So, let's get right to it! My friend Jennifer actually asked for this post, so I hope she's see's it! I know her little one pretty well as I have been 'around' her for a few years and spent 1 whole year with her in my classroom. Here is her blog suggestion:
How to handle your own strong willed child in a loving Christ like manner when they get super stubborn about something they don't want to do or think they are afraid of when you know it is not going to harm them in any way.
First let me say that just as not every child is alike, not every parent is alike either. The way I see a situation may not be as another parent/adult sees it. You may not agree with my style and the way I handle situations and that's okay. But if I am going to share honestly I need to tell you one thing. I truly believe that the adult should never "give in" to a strong willed child if they truly want to be able to break the stubbornness without breaking the child.
Second, your home does not have to become World War 4! Now, it can if you allow the child to be the one in control and you don't like the way it is becoming controlled. And in this process there will be a few moments of tension and there are going to be moments where you feel like breakthrough isn't going to come but if you stay consistent ~ and YOU stay in control (both of the situation and yourself) then breakthrough comes easily.
1. Be consistent in EVERYTHING! Why? Strong willed children no matter how young or old will be looking for a gap in consistency. Why do you think that happens? It's their way to take over! Do you want your children ruling your home? Then stay consistent! KEEP a bedtime. KEEP a routine. KEEP a tidy house. Sounds simple, but sometimes for many parents this is the HARDEST area of parenting.
2. Allow them to make choices but only two. In many situations through the day, allow them two choices (which you have already aligned and are okay with) in which they can pick from. Example: Getting little Jane ready for school ~ set out two outfits. Allow her to pick the one she wants to wear. Those are her only choices ~ she doesn't like them? Send her to school in her PJ's! By doing this you are showing her that you do care about her because you did offer something great for her to wear, and if she chooses not to wear either one , she was in control of the outcome. Another example would be a consequence choice. Say same child disobeyed or displayed ill behavior. NOW she has two choices. Both choices need to be a punishment that you will stick with whether it be no tv for the evening, no toys, etc. (Remember even though it's her choice YOU have to live with the outcome too! Make sure the two choices are something that you will be consistent with and follow through.)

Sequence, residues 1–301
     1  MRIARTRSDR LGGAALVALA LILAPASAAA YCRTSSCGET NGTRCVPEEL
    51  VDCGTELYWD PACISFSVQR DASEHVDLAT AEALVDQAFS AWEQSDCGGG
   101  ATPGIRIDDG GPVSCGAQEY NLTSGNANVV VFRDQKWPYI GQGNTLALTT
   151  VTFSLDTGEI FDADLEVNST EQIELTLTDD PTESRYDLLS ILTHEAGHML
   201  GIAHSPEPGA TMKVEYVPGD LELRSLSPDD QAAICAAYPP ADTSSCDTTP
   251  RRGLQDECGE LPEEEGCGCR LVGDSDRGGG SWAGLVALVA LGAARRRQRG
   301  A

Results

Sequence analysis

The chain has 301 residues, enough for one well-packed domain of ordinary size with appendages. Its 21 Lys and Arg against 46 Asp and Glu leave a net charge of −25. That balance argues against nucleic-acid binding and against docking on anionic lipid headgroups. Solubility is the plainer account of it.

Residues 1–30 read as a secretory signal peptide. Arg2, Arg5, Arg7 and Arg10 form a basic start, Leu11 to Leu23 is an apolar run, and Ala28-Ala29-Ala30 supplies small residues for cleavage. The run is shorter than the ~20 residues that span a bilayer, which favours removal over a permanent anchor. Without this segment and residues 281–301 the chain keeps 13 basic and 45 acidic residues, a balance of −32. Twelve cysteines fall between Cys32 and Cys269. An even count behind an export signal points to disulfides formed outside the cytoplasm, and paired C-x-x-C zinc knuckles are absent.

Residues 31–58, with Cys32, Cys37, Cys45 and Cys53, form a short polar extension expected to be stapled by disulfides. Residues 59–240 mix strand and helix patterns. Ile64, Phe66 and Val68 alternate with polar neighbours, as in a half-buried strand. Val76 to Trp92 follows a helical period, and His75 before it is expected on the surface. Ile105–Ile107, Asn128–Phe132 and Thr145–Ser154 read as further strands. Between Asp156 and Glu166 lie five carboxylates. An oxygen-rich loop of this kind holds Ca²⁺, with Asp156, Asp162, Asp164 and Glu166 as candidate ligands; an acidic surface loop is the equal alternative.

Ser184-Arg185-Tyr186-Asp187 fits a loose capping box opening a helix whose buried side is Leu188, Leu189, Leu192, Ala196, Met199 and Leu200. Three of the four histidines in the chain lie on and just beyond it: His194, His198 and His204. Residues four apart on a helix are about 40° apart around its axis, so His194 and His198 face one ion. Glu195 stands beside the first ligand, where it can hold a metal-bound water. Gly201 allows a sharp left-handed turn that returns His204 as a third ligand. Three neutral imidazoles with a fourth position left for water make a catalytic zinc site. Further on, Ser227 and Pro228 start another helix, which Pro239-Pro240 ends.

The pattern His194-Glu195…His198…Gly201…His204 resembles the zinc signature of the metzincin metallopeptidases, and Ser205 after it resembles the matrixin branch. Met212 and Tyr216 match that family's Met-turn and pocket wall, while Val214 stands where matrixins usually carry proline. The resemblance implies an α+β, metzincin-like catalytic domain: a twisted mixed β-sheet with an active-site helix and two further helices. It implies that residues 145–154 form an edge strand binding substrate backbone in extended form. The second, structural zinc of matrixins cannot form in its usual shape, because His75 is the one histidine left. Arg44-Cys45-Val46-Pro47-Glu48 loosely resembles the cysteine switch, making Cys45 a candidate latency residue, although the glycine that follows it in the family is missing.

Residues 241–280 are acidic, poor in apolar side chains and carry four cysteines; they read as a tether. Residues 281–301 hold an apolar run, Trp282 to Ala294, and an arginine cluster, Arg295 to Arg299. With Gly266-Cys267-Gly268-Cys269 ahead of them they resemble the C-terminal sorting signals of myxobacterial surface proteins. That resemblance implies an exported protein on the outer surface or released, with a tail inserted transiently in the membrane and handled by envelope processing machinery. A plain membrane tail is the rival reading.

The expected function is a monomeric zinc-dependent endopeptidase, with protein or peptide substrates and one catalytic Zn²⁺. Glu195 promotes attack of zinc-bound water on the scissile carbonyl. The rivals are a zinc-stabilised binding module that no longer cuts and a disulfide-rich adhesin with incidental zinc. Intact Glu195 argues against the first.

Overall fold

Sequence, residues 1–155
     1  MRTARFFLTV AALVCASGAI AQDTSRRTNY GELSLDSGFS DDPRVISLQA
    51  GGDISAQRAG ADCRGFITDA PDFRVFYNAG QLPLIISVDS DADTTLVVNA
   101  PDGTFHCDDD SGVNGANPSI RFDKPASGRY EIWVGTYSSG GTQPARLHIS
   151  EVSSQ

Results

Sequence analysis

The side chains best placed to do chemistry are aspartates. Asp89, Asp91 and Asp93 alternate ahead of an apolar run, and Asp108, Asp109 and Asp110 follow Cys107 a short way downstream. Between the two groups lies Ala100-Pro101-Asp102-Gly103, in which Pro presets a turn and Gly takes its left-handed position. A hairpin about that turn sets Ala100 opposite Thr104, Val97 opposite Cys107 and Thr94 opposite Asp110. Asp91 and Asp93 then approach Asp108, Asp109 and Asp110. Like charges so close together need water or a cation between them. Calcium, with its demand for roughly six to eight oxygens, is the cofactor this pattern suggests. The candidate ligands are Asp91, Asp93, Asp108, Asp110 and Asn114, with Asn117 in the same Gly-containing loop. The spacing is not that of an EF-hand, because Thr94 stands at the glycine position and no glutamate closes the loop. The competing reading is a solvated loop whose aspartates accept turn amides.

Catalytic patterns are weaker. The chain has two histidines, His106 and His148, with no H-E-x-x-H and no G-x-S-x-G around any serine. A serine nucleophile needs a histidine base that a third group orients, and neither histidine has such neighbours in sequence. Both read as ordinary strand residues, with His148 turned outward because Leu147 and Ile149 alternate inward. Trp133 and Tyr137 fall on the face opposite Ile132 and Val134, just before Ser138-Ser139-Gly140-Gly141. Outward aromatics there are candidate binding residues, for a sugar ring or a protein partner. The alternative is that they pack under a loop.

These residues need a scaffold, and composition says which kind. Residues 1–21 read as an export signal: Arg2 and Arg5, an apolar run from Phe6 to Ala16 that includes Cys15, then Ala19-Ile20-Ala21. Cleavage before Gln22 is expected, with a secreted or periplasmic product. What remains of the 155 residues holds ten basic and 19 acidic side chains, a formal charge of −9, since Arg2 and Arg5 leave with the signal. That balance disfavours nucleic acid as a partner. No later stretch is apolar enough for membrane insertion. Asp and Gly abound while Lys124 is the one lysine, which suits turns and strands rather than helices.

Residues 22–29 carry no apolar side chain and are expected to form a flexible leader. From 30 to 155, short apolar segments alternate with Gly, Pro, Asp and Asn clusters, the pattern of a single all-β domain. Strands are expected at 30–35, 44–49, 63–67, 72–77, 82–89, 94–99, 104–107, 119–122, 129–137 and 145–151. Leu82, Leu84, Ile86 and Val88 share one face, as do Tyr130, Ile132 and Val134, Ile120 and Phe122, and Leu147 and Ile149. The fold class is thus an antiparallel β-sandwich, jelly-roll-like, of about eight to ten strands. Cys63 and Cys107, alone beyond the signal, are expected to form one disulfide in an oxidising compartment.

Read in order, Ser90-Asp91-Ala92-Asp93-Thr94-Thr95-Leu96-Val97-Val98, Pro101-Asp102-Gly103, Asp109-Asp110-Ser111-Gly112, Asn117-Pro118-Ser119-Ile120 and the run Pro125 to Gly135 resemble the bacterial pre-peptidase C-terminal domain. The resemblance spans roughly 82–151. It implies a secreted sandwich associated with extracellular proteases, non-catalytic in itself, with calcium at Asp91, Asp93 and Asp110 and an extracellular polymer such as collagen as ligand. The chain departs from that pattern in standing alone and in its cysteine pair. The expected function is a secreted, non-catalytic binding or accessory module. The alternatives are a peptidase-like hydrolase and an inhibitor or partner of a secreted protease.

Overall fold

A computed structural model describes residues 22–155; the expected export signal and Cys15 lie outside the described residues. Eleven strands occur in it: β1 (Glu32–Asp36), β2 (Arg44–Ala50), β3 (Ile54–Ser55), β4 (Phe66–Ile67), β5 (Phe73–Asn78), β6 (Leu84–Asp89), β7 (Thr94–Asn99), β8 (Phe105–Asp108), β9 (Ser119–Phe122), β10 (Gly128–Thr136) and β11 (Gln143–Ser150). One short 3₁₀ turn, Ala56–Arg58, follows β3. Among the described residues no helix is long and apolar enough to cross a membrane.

3. In several cases I have had to say "I am the parent. You can either do what I have asked you to do or not. But if you don't then you have chosen to disobey and that is not tolerated." I am not one for giving my kids much leeway when it comes to that. Why? Because Christ teaches us about obedience. He even taught us to turn the other cheek when someone hurts us ~ that means to give them another chance. Give your kids chances! Today is a new day, for you AND them!
4. Take many times out to tell your children you love them. Recognize when they make a good choice, and leave that door open for them to come talk to you. As a mom to three, I am very blessed that we have children who are pretty obedient, and respectful. And yes, one of them is a teenage girl!
When your children are young, they become a product of their environment. Most of their behavior isn't tainted by much exposure to other children's behaviors unless of course you have allowed that to occur. If they are stressed, it often is because they have been in a stressed home or many stressful situations. They learn very quickly about responses, and if you respond it is your responsibility to make sure it is a way you would want to respond every time. You cannot "check out" as a parent when these little ones are just learning how to make choices. If so, you indeed become part of the problem instead of the solution.
5. The best thing to do for a child who has a hard time with new experiences, is to expose them to MORE new things and NO choices. Give comfort, and enjoy the experience yourself. If you are nervous, or worried about their reaction you simply feed a reaction that might not be there to begin with. Children learn from our own reactions to things.
**None of this advice and commentary is directed at one particular individual even though it was their question that was chosen to blog about. These are MY opinions and experiences as a parent myself. I am a mother to a 14 (almost 15) year old daughter, and twin boys who will be 12 this year. I have also been a preschool teacher to older 3's young 4's for ten years. LOTS of experiences, and insight has been learned over the last 14 years. **